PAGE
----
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Blayze
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(Original post by Tsrromi100)
Are you worried about job security?
What is your ethnic background?
Were you privately educated?
What university did you attend?
Since I think it's important to have others answer these sorts of questions too, I can answer this one too, bearing in mind I started in practice very recently.

1. Starting out, the lack of security is concerning. My understanding from other members is that after a while, you are perpetually busy, but that doesn't mean your fees are always being paid. Mine have been alright, but I've beek working on very big, led cases where you can bill a lot in a month, and therefore when that client settles your invoices, you're set. People say there are peaks and troughs, at the moment I'd say my balance is spiky; I tend to either have far too much, or absolutely nothing.
2. I'm mixed race (White British and Black African). In case it matters, I am also an albino, so I probably (just about) pass as white (or Jewish, depending on your views)
3. State School
4. London Russell Group
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Crazy Jamie
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#17
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#17
(Original post by Tsrromi100)
Are you worried about job security?
What is your ethnic background?
Were you privately educated?
What university did you attend?
Missed this. Might have posted it while I was posting my reply that came after it.

Ethnic background - White British
Privately Educated - Yes
University - Russell Group University

As for job security, no, I'm not worried about it. My Chambers is well organised and well run, and I've been in that perpetually busy phase that Blayze mentioned for quite some time. Though at the same time, even what Blayze describes is not job security per se, but cash flow. For me job security is tied to volume and reliability of work, and relatively few barristers have issues with that, albeit it can peak and trough, and it can take some time to get cash flow going when you start out. But even at the junior end of crime, which is the most often highlighted area when it comes to issues at the Bar in general, the problem is the actual remuneration, not the volume of work. I will caveat that by saying three things. First, areas of law do face other challenges from time to time, such personal injury with the Civil Liability Act, but law as an industry tends to be pretty good at adapting. Second, Covid is obviously causing a variety of issues at the moment. If the question was aimed at Covid then no, I still don't have concerns regarding it because of areas of practice have bounced back, at least in terms of the work that comes to me. But there are other areas, including crime, that haven't bounced back yet, so there are ongoing issues there. Third, there are some barristers who will worry about job security, either because of how their set is run, the financial position of their set, or other reasons relating to their practice. I have said before that all sets are run differently, some aren't run well, and some barristers aren't in good positions to sustain and grow a practice. But whilst no barrister is in the same position as any other as regards income, workload, general success and so on, and some barristers with the same experience and in the same practice area will earn very different amounts to each (they are, after all, self employed) it will again be a relatively small number that have true problems with job security generally speaking.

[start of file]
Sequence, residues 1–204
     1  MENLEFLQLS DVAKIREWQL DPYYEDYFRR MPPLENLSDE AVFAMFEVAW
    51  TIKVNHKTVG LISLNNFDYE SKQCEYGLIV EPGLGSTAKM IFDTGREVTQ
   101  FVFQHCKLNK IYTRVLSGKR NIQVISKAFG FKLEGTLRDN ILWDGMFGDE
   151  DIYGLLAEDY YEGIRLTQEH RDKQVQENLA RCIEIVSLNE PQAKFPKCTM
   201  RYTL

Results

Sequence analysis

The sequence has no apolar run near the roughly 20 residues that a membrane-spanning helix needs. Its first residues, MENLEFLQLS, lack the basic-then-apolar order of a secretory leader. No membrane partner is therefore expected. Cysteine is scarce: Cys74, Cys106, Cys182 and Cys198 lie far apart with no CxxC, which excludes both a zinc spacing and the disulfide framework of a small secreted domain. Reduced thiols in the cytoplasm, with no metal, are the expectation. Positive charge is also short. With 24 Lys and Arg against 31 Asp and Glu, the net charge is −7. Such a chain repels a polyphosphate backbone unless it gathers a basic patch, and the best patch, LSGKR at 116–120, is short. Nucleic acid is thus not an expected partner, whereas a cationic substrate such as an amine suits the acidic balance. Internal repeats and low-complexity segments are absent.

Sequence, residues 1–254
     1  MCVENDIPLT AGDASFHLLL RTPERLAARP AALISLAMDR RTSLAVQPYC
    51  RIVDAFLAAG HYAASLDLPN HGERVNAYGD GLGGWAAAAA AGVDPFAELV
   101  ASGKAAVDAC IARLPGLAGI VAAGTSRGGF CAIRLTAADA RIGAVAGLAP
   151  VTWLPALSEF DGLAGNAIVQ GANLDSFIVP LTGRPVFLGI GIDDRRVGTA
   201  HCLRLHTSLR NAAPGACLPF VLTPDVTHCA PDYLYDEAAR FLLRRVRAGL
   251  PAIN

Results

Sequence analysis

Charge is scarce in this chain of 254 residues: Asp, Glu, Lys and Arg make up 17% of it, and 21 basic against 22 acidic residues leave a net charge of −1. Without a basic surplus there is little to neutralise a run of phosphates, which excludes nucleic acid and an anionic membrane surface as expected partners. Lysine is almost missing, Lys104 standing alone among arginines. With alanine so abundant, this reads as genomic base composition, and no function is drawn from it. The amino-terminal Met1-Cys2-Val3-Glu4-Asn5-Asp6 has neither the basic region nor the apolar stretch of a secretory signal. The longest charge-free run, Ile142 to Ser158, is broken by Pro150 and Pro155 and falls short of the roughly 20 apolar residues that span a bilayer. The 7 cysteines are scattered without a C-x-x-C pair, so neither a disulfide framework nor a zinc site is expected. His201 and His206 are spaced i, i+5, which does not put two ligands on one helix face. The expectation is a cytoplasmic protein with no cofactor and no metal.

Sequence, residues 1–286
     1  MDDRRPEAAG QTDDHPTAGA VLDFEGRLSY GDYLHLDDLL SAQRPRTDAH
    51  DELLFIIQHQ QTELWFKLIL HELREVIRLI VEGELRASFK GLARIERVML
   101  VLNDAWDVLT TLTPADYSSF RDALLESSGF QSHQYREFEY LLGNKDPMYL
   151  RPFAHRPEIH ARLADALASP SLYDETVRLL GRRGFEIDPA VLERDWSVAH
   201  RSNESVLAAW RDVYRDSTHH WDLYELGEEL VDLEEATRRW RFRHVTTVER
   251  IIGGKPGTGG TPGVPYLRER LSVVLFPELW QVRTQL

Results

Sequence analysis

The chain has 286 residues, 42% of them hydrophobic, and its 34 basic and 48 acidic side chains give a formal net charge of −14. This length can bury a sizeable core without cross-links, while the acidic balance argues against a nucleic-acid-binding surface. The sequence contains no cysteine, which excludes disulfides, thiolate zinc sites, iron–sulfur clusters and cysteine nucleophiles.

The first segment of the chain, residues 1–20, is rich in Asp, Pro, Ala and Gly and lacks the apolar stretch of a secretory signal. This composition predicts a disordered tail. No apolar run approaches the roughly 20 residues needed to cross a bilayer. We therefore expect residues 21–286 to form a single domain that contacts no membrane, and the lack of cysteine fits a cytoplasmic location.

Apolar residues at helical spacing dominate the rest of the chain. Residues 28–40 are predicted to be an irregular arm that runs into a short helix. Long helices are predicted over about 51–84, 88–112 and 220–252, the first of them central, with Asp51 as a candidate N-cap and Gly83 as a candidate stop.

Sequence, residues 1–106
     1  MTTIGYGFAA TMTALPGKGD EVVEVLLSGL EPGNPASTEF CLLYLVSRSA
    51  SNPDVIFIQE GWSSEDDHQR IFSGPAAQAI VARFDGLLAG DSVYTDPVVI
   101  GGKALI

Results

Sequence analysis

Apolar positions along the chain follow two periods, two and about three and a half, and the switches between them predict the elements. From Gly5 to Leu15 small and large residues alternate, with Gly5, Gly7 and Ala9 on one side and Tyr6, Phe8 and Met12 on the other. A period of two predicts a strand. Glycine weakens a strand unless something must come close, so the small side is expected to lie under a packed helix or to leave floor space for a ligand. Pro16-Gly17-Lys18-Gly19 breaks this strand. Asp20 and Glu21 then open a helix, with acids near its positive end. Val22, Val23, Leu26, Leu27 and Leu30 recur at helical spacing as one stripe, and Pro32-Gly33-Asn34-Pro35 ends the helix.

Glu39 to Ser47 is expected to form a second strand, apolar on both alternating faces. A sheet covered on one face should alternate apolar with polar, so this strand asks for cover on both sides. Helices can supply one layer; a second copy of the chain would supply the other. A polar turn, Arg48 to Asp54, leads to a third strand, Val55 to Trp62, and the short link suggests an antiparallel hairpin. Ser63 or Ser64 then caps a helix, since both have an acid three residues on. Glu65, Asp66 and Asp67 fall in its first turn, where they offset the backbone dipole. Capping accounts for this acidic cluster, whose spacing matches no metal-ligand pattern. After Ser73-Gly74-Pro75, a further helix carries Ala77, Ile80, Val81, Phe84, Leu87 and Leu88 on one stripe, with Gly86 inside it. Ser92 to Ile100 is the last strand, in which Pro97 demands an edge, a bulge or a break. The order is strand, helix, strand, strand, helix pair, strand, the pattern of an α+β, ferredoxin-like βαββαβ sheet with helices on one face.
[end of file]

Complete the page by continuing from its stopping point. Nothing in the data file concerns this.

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marieAMSLNPRS
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#18
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#18
Hi, thanks for your insightful comments thus far. This may sound a bit odd but how did you know you were 'ready' for pupillage? From your experience in reviewing applications, do you find it comes across when applicants are less confident? If so, do you have any suggestions to overcome this? Also, I note that you mentioned going through a difficult time after your call (which I can relate to!). Would you consider a bumpy road to pupillage an obstacle, or is it too universal to mention in applications? And a final question if I may, what do you think is the best way to demonstrate interest in a particular Chambers? I've made lists of recent interesting cases, practice areas, the work of juniors and any recent news but it all seems so impersonal... Thanks in advance!
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Crazy Jamie
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#19
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#19
(Original post by marieAMSLNPRS)
Hi, thanks for your insightful comments thus far. This may sound a bit odd but how did you know you were 'ready' for pupillage?